After logging in to KDE for the first time, you see the KDE desktop. It consists of the following basic elements:
Figure 1.2 Example KDE Desktop
Figure 1.2 Example KDE Desktop
Desktop Icons and Desktop Folder Desktop icons represent files, directories, applications, functions, and removable media, like CDs or DVDs. Click an icon on the desktop to access its associated program or application. By default, your desktop icons are shown in a Desktop Folder, a transparent region of the screen showing the contents of the Desktop folder in your home directory. If you drag an icon from the Desktop
Folder and drop it on another part of the desktop, it appear as widget that you can tilt, enlarge or minimize. Widgets are small applications that can be integrated into your desktop. Right-click to open a context menu to access the icon properties, or to remove the icon. For more information, see Configuring Widgets (page 42).
Desktop Context Menu: Right-click an empty area on the desktop to access the context menu for configuring the appearance of the desktop, adding panels or widgets to the desktop, locking the widgets in their current position, or for leaving the current session or locking the screen.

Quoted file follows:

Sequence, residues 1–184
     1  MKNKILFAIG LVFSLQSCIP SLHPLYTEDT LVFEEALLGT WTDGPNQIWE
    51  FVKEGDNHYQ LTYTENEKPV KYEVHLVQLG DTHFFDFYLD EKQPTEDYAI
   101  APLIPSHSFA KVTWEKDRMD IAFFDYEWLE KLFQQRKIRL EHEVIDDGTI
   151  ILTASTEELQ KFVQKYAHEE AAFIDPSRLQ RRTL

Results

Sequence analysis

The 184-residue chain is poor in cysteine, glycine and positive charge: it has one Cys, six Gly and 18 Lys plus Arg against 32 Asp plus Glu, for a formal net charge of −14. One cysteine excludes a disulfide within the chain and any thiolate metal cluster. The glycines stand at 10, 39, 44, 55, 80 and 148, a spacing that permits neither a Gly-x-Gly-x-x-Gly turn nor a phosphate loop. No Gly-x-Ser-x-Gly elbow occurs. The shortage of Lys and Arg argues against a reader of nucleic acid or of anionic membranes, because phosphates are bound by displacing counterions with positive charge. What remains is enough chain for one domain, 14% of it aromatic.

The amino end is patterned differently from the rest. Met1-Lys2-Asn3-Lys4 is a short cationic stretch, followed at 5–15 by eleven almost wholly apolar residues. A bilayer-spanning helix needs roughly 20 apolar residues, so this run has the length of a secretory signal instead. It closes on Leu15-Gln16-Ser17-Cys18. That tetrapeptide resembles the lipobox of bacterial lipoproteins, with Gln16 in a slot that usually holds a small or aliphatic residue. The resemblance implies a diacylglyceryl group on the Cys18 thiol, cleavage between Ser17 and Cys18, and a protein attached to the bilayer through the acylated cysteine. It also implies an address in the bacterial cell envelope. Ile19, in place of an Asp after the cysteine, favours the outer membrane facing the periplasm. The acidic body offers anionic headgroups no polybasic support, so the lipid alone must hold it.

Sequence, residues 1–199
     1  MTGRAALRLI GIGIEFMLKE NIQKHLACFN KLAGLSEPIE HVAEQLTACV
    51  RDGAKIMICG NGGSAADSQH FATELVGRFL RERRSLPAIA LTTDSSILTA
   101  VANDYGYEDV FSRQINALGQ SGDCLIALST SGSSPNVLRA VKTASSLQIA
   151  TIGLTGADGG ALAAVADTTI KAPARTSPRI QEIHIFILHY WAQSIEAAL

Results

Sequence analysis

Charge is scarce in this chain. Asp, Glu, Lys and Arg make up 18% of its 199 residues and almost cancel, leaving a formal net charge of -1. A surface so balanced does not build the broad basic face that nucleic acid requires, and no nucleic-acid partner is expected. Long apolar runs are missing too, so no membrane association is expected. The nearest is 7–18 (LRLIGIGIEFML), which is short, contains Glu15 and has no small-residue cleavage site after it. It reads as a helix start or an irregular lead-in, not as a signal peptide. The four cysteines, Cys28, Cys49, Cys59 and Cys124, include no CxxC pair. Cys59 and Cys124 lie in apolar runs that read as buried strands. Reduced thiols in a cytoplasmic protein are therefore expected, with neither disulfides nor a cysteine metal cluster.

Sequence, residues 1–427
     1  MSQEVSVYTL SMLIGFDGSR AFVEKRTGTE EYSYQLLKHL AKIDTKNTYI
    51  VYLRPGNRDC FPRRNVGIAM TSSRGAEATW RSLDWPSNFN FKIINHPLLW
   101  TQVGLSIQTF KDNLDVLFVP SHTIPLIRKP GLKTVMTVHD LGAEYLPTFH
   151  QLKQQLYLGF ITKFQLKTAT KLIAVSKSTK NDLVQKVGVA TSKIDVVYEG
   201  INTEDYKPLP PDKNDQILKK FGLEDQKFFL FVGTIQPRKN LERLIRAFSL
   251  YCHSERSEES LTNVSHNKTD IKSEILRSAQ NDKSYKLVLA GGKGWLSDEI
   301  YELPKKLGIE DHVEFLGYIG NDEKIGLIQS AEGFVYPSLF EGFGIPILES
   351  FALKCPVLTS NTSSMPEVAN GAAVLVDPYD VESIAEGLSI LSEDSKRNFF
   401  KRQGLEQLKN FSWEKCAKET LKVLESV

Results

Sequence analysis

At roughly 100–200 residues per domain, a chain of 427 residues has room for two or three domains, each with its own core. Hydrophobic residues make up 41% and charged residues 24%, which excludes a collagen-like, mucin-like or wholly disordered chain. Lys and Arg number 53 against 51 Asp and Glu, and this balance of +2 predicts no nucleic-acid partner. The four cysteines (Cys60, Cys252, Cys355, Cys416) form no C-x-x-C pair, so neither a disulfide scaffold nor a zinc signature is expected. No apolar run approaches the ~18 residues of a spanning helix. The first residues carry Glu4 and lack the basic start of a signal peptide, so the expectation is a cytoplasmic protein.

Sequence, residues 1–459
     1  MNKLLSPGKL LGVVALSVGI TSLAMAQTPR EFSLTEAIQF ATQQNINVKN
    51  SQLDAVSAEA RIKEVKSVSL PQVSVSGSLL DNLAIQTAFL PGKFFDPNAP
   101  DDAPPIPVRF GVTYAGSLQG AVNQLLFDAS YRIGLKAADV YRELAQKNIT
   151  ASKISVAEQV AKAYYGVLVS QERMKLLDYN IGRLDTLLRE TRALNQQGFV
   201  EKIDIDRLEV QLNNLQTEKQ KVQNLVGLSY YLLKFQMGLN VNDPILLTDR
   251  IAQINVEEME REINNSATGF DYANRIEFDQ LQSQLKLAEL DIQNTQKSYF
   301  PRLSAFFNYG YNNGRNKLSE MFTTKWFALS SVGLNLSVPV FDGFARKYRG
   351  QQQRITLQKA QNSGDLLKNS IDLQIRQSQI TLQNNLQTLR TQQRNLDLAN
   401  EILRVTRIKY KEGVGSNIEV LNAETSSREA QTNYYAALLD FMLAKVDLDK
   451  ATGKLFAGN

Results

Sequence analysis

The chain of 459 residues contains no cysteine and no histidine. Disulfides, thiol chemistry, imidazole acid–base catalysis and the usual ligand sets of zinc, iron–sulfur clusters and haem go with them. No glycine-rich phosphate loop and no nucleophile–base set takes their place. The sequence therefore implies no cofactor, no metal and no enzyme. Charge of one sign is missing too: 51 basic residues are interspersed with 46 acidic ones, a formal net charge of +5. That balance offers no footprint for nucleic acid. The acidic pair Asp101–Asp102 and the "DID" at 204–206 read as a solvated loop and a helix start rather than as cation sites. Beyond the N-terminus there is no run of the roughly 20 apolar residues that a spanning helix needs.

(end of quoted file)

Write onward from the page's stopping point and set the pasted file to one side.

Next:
KDE Panel: The panel (in KDE also called "Kicker") is a bar, typically located at the top or the bottom of the screen. By default, the panel of your KDE desktop consists of the following areas (from left to right): quick launcher with the main menu icon on the left and further program icons, pager (desktop previewer), taskbar, and system tray. You can add or remove icons in the panel and customize the appearance of the panel as well as its location on the desktop. If you hold your mouse pointer over an icon in the panel, a short description is displayed.
Quick Launcher: The quick launcher contains the main menu button and some larger icons that are shortcuts to frequently used programs, folders, and functions.
Main Menu Button: Use the icon at the far left of the panel to open a menu holding a search function at the top and several tabs at the bottom. The Applications tab shows all installed programs in a function-oriented menu structure which makes it easy to find the right application for your purpose even if you do not know the application names yet. For more information, refer to Section 2.1.1, "Using the Main Menu" (page 15).